Friday, February 11, 2005

Your Karma Ran Over My Dogma

I feel like I'm in college again, with four books going at the same time. Recently I dropped everything, however, to finish "Seattle and the Demons of Ambition" by Fred Moody, a local writer who chronicles the dot com boom in my beloved city. The same boom that made some of my friends millionaires -- at least on paper -- overnight.

On page 140 I found this gem:

"When the flaming, boiling sphere (in science, religion, social life, art) cools, the fiery magma becomes covered with dogma -- a hard, ossified, immovable crust" (from Evgeny Zamyatin's essay "On Revolution, Entropy, Dogma and Heresy")

I quote it here because I think one can make a good case for Laestadius as a reformer who attempted to rescue the (Swedish) church from ossification after the revolutionary reforms of Luther. Unfortunately, he did not have the vision to see what his extremism would engender, or if he did, he thought it was worth the price. In his letters, one can see him worrying about his severe "law sermons" and admitting that he must add some "grace" in them (disguised in parables) to give hope to the awakened.

What would Laestadius think of his current followers? His "fiery magma" is now dogma, perpetuated for tradition's sake, not for any reformist goal. Or so it seems to me.

Monday, February 07, 2005

I Bow to the Truth That is in You

micahverse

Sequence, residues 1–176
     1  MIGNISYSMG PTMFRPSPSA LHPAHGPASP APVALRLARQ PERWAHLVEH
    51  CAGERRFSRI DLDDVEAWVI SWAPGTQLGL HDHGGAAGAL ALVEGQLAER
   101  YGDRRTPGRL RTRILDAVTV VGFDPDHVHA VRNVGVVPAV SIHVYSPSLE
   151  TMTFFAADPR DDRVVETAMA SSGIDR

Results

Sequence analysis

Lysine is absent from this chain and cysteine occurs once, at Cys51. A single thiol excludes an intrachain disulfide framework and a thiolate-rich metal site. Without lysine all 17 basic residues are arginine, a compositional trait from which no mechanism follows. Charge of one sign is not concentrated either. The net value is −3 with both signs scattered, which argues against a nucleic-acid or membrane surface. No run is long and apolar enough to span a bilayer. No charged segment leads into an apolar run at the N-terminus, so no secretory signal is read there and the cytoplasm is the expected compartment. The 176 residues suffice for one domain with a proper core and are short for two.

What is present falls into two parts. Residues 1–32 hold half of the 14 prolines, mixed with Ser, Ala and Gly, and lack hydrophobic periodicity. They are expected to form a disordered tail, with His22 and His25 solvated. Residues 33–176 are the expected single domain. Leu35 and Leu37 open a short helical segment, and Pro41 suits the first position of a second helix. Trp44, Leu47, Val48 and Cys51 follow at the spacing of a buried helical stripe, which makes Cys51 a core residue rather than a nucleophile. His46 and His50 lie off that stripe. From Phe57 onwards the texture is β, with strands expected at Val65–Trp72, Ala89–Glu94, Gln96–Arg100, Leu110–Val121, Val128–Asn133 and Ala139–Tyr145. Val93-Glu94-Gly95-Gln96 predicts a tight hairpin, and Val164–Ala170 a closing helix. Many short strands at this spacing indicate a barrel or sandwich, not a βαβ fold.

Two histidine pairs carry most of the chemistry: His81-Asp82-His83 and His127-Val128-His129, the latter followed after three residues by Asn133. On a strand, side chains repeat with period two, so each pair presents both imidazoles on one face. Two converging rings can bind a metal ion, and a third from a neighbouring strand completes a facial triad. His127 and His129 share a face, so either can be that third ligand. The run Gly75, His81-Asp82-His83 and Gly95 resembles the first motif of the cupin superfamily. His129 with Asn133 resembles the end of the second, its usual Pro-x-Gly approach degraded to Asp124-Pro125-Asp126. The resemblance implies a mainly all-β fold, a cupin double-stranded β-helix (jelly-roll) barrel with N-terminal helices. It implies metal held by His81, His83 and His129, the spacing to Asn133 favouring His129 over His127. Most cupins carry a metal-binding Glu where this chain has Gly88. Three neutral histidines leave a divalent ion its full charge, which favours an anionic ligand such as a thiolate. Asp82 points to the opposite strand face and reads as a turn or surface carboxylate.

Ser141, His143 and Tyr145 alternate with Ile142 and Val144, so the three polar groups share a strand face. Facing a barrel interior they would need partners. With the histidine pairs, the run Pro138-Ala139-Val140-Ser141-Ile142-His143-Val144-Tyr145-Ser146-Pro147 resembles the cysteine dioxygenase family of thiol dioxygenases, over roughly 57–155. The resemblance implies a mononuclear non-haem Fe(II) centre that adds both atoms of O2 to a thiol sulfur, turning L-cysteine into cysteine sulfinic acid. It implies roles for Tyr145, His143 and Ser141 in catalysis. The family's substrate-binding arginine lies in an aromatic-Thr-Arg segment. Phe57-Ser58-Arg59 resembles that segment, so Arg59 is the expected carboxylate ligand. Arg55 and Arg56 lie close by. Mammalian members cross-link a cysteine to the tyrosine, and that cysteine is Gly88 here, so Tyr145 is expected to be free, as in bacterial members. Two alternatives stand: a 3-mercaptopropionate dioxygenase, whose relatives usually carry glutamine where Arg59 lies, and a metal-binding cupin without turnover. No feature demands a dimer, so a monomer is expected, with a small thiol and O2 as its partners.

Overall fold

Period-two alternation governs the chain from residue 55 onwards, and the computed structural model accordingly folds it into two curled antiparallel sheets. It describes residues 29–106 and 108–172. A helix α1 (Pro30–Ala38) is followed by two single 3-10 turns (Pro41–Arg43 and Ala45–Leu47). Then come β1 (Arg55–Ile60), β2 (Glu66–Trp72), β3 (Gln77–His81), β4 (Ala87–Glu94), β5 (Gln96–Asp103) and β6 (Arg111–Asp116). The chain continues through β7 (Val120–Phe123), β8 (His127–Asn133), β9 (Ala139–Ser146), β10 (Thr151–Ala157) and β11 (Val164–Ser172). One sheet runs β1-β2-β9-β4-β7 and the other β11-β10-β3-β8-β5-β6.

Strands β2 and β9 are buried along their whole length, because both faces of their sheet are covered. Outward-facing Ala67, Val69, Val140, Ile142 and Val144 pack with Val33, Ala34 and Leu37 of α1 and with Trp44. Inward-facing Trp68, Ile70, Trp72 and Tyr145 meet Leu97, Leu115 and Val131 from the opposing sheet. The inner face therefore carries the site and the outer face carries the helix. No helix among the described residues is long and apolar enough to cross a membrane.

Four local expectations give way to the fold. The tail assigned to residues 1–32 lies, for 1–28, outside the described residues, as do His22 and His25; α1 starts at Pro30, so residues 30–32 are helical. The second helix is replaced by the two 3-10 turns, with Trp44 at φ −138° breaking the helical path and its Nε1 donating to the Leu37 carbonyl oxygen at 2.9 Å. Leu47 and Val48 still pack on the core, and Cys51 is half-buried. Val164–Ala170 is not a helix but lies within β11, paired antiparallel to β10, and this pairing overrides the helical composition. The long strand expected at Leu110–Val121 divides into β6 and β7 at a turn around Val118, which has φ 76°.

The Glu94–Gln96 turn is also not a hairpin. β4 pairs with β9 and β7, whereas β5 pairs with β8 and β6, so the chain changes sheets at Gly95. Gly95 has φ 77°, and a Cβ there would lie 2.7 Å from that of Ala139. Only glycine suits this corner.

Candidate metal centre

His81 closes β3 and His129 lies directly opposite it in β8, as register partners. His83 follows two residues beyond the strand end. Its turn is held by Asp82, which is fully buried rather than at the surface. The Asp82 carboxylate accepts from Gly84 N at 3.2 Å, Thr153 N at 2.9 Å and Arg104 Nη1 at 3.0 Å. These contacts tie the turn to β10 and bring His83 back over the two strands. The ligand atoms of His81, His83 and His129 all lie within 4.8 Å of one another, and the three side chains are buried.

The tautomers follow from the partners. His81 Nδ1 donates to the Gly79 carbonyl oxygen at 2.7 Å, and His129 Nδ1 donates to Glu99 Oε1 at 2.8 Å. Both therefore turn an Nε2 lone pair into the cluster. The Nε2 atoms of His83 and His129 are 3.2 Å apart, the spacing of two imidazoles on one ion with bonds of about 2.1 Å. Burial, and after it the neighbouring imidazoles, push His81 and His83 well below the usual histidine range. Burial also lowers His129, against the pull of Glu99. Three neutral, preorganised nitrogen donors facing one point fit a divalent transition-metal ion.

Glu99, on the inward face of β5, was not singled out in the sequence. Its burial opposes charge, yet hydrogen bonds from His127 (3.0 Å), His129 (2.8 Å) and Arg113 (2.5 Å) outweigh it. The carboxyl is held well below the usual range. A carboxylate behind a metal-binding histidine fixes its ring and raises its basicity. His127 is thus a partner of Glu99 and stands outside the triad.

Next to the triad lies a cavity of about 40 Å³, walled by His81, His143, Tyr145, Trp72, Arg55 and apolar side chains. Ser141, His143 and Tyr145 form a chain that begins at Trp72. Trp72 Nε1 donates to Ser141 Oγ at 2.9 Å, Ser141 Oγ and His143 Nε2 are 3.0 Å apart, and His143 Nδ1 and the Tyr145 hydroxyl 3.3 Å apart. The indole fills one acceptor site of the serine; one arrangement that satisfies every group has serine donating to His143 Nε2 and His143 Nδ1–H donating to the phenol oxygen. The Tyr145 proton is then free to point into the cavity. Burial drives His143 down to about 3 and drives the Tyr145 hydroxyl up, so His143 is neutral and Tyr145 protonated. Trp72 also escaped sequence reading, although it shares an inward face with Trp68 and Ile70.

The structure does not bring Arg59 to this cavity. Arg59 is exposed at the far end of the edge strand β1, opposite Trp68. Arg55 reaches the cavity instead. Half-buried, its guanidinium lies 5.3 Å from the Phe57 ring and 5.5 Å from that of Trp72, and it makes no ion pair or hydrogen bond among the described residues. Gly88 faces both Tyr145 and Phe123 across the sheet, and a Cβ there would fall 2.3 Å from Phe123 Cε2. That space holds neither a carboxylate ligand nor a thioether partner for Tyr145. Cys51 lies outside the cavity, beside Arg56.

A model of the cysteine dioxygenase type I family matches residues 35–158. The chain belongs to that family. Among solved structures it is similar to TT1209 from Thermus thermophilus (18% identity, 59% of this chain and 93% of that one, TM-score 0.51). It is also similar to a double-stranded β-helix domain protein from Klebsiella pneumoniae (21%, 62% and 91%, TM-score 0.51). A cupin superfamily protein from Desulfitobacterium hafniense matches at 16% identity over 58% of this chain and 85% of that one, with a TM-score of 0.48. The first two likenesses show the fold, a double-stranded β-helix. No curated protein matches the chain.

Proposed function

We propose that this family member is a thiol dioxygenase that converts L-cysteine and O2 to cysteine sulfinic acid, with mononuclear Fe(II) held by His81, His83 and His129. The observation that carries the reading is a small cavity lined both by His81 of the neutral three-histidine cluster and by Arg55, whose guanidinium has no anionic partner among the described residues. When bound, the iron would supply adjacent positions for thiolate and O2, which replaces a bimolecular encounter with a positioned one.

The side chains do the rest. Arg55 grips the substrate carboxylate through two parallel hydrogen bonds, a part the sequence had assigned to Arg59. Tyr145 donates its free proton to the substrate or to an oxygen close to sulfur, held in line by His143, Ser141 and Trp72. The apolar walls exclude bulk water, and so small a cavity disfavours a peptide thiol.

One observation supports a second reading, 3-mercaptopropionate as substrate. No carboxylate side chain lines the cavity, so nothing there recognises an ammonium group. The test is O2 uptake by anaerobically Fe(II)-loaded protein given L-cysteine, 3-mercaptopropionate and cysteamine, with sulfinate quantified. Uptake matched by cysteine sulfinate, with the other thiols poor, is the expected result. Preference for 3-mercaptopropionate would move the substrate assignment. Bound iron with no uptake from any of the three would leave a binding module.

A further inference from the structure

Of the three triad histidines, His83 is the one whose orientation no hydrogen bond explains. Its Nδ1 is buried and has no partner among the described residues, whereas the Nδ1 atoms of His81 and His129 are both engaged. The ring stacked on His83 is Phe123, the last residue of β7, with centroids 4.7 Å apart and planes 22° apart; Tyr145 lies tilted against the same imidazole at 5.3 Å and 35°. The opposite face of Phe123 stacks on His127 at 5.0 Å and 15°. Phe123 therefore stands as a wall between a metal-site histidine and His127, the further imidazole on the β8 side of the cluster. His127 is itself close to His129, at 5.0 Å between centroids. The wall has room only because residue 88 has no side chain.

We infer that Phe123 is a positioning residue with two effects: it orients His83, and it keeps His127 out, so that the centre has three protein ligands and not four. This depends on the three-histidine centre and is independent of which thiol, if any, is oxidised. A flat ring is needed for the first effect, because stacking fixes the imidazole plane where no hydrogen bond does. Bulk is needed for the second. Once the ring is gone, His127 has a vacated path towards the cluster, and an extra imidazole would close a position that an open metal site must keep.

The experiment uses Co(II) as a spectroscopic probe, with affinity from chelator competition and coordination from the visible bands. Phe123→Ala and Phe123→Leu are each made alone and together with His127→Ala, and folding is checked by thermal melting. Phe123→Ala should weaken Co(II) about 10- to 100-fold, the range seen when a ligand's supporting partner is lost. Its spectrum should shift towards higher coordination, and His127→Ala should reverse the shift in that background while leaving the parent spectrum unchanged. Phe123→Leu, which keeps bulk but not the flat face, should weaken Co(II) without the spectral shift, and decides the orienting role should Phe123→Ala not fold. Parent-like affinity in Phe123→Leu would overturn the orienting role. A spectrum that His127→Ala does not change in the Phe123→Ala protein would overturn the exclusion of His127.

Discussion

Recently the children made collages by tracing their hands and feet on paper. They were learning the verse from Micah:

"Do justice . . . love mercy . . . walk humbly with your God." Isn't this one of the loveliest bits of the Hebrew scriptures?

I put their collages in the kitchen where they can inspire me while preparing dinner or washing up. Little hands symbolize justice, little feet a humble walk, and the paper hearts, love of mercy. As a recipe, it's as simple as boiling pasta. Wish it was that easy to live.

In the OALC, I was raised to focus on the last part only: humility. But what is it to walk humbly? Is it to focus inwardly (on one's unworthiness), or to act outwardly, with compassion toward others? Is it to "rebuke" and "find fault" or to "give of one's own godliness" through acts of mercy and kindness?

(This is not only a Christian concept. The Dalai Lama says that by practicing compassion we create happiness and peace in ourselves.)

What a different world it would be if, when we greeted each other with "How are you?" or "God's Peace" or "Salaam" or "Namaste" or "Sat Nam" -- our hands and feet and hearts echoed our words.